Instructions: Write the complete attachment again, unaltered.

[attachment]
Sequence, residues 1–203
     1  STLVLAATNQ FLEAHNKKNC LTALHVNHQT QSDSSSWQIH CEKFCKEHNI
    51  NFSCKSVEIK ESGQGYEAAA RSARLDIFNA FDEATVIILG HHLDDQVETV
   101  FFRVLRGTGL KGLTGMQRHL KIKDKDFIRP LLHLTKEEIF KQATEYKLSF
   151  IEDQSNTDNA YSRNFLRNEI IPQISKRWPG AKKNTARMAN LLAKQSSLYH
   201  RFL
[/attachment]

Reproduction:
Sequence, residues 1–203
     1  STLVLAATNQ FLEAHNKKNC LTALHVNHQT QSDSSSWQIH CEKFCKEHNI
    51  NFSCKSVEIK ESGQGYEAAA RSARLDIFNA FDEATVIILG HHLDDQVETV
   101  FFRVLRGTGL KGLTGMQRHL KIKDKDFIRP LLHLTKEEIF KQATEYKLSF
   151  IEDQSNTDNA YSRNFLRNEI IPQISKRWPG AKKNTARMAN LLAKQSSLYH
   201  RFL